Banks and their leaders have spent the best part of a year being pilloried by the community.
We have heard countless apologies and admissions from bank bosses suggesting they've learned the error of their ways.
The royal commission has exposed the naked truth about banking conduct and irresponsible lending.
What many people now describe as a "lending crackdown" or "credit squeeze" is simply the banks behaving as they should, lending more responsibly and conducting thorough loan assessments.
So don't expect the banks to rescue the property market.
Their hands are tied and they've been burned too badly. Not by falling property prices but by public humiliation, the regulators and royal commission.
It is a major reason property prices will continue falling.
Property analyst with Digital Financial Analytics Martin North says: "Eighty percent of the impact on house prices is credit availability and that is now significantly tighter."
"The royal commission has underscored what responsible lending actually means in terms of assessing loans, so the banks are now going through many more hurdles when it comes to lending, and that won't change," he added.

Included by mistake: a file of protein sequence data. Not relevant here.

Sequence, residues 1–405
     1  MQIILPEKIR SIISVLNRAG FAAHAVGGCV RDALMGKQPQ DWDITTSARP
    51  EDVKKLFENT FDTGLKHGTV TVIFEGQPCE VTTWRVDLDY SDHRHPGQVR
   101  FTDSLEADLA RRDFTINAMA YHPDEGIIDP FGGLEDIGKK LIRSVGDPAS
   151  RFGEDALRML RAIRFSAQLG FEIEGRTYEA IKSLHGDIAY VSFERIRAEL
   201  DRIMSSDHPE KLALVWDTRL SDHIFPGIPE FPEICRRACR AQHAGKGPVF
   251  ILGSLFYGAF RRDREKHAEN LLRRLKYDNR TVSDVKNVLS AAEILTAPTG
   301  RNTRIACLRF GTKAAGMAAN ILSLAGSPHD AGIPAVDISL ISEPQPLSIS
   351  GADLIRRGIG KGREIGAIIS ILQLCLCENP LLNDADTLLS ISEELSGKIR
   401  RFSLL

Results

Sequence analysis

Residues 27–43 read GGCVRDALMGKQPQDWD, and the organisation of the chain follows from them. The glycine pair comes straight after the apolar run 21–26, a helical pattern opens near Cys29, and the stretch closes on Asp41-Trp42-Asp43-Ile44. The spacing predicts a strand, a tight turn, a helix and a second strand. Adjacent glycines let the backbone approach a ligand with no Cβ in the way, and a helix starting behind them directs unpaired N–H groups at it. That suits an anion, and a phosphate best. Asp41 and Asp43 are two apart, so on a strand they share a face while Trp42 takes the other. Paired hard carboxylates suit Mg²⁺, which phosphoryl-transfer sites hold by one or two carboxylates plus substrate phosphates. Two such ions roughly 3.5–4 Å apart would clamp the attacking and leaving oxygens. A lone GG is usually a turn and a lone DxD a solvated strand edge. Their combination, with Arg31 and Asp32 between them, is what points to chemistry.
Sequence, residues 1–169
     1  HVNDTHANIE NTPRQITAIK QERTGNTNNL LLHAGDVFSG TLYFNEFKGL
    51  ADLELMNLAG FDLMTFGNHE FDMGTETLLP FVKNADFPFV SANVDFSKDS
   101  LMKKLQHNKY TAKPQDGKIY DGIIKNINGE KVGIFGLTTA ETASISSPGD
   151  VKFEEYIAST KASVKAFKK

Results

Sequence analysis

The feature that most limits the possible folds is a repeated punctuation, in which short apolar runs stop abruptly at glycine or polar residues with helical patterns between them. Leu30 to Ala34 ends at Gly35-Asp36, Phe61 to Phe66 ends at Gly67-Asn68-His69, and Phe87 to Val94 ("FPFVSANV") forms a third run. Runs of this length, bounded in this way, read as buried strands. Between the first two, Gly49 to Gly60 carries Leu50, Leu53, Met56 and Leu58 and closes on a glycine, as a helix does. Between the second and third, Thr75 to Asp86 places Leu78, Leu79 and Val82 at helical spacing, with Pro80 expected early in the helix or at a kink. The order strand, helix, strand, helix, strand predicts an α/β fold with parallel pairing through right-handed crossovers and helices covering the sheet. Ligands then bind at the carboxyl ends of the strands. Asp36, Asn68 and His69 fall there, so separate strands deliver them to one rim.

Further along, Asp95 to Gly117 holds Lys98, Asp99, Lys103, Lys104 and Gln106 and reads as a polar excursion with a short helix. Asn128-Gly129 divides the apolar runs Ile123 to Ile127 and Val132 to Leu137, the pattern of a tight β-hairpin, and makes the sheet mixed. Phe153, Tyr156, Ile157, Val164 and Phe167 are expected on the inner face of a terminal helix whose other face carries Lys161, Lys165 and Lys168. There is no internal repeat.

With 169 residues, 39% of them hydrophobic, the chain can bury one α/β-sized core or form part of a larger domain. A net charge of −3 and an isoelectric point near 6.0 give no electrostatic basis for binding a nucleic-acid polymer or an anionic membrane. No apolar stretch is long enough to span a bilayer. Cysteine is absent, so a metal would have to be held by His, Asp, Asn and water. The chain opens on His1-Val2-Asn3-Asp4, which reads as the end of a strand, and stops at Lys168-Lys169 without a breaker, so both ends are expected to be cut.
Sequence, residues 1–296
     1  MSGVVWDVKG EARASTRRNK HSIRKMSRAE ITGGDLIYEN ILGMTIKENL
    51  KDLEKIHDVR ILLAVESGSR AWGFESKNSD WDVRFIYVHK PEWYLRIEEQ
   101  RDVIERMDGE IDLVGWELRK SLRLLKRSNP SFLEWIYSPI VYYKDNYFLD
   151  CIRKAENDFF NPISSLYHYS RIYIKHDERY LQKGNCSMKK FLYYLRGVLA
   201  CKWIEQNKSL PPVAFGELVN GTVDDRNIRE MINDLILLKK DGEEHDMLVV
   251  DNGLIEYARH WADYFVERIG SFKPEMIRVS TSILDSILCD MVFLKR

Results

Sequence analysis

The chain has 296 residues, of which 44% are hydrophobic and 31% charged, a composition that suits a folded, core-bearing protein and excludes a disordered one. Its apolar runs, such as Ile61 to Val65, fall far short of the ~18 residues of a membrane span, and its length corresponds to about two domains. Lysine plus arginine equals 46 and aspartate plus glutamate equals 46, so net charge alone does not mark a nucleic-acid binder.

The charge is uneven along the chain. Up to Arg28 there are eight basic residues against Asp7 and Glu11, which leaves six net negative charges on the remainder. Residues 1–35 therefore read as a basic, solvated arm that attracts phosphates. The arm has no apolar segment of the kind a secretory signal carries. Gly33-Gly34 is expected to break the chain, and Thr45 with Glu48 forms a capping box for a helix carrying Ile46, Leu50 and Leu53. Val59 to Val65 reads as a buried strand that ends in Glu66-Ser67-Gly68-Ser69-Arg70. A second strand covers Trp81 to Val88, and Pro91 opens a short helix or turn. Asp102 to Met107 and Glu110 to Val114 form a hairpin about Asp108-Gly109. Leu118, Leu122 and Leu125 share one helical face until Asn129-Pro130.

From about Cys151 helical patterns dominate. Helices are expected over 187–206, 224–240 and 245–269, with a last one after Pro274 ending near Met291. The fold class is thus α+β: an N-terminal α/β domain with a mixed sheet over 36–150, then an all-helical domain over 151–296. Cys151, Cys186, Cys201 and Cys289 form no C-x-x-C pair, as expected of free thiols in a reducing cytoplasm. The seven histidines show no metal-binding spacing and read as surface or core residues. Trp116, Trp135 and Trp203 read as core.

Buyers also expect prices to fall. That, in itself, puts downward pressure on values.
Also unhelpful is the trouble brewing globally with both China and the US showing signs of slowing, which will simply add to the domestic headwinds.
Martin North says price falls in Sydney and Melbourne are halfway done at least.
He expects prices to come off between 20 and 40 per cent with the major cities eventually dragging down all markets.
Commonwealth Bank chief economist Michael Blythe sees a continuation of the price falls with the cities down more than the regions due to their much larger price appreciation.
But the CBA considers the price correction two-thirds of the way through, with first home buyers and population growth helping to slow the decline.
Martin North says the apartment glut coming on-stream in capital cities will offset population growth.
Savings represent the biggest risk, according to Michael Blythe.
Falling house prices may make consumers reluctant to cut their savings rate any further and that will have knock-on effects throughout the economy, but he dismisses the doomsayers.
He says, "areas dominated by investors have seen the biggest price falls because they've been targeted by the regulator for financial stability reasons".